Austin (Nexstar) – The passing of billionaire oil tycoon T. Boone Pickens is bringing a new look at his legacy in the Lone Star State. His influence stretches beyond business and into the realm of politics and public policy.

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“I think that he wanted to be remembered as a philanthropist, primarily,” said Loren Steffy, a writer who has covered business and the energy sector for Texas Monthly and the Houston Chronicle. “I think he believed a lot in the American ideal of entrepreneurship and success and being rewarded for that.”

Pickens gave away hundreds of millions of dollars. More than $600 million went to his alma mater, Oklahoma State University. But millions went to charitable causes in Texas and Oklahoma as well. The donations helped build a legacy.

“He didn’t really make his huge fortune until he was in his mid-70’s,” Steffy said. “If you’re at that age, your family’s grown and what do you do with all this money? His answer was, ‘I’ll give it all away.'”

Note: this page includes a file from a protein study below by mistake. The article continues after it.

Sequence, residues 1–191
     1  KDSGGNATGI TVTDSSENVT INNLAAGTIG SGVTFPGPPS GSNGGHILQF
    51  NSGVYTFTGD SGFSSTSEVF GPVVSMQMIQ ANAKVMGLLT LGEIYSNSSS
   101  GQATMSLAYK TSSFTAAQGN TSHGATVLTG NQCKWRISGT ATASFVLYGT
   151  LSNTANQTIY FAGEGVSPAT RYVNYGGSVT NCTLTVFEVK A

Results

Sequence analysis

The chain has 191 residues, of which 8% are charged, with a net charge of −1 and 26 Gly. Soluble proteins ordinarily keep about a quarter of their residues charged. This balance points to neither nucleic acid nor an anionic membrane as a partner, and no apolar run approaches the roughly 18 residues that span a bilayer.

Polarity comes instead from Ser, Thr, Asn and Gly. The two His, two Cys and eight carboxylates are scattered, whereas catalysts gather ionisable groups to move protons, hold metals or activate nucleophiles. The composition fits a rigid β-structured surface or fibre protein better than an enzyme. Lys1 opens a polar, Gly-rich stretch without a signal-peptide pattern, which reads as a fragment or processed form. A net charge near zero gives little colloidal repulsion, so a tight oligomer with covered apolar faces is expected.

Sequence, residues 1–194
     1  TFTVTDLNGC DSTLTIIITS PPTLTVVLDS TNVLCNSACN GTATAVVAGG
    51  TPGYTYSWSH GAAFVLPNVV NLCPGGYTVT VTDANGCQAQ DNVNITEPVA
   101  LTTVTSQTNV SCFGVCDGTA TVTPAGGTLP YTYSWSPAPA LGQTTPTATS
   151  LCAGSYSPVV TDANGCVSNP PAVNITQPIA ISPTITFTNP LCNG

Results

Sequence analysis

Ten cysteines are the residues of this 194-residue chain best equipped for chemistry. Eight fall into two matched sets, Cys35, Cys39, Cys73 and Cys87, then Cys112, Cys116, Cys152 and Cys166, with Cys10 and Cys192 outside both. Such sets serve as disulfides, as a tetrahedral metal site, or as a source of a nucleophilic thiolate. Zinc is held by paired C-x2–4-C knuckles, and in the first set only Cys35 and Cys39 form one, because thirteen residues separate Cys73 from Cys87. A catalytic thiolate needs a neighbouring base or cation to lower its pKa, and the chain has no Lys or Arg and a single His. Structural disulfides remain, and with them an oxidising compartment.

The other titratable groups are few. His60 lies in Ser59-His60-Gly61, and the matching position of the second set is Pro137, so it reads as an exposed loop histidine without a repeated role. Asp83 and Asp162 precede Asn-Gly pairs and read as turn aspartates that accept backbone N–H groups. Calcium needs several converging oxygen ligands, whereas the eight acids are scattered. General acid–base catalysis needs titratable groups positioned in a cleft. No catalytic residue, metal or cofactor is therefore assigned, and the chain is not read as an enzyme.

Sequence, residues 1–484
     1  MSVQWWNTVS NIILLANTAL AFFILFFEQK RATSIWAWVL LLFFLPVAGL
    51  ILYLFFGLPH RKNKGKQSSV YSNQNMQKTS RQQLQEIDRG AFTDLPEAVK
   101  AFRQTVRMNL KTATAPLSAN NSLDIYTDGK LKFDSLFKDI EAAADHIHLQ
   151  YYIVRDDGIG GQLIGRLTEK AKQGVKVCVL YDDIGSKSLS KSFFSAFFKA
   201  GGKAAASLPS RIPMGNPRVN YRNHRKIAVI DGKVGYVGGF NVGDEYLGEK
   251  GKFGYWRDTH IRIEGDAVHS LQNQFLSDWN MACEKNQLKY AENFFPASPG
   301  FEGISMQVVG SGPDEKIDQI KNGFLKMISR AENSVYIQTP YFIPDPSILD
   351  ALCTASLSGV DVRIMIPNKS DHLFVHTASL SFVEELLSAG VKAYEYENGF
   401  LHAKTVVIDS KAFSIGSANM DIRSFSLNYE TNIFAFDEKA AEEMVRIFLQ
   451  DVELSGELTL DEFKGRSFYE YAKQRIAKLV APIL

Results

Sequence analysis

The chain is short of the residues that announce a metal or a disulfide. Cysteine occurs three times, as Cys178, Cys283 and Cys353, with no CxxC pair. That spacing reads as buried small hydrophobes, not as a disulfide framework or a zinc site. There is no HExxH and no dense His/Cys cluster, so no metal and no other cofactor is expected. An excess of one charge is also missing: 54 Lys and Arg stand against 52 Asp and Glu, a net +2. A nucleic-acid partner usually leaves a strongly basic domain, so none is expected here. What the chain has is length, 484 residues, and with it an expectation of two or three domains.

Pickens’ donations also made him a player in politics. “He was obviously a very strong supporter of the Republican Party,” Steffy said. His donations helped fund the successful presidential campaigns of George W. Bush.

But Steffy sees a larger impact from Pickens, based on his approach to business. He was a pioneer when it came to launching hostile takeover bids for companies that he believed were underperforming.

“What Boone saw before anybody else did was that a lot of companies weren’t really managed all that well and the value was not coming back to the shareholders,” Steffy said. “He gave us the idea that shareholders are the owners of the company. “

These moves came at a time when more people were getting involved in investing, particularly for retirement.

“I think that Boone Pickens was at the forefront of this kind of democratization of capital in investments,” Steffy added. “It really transformed our view of the markets and investment in capital in a very significant way.”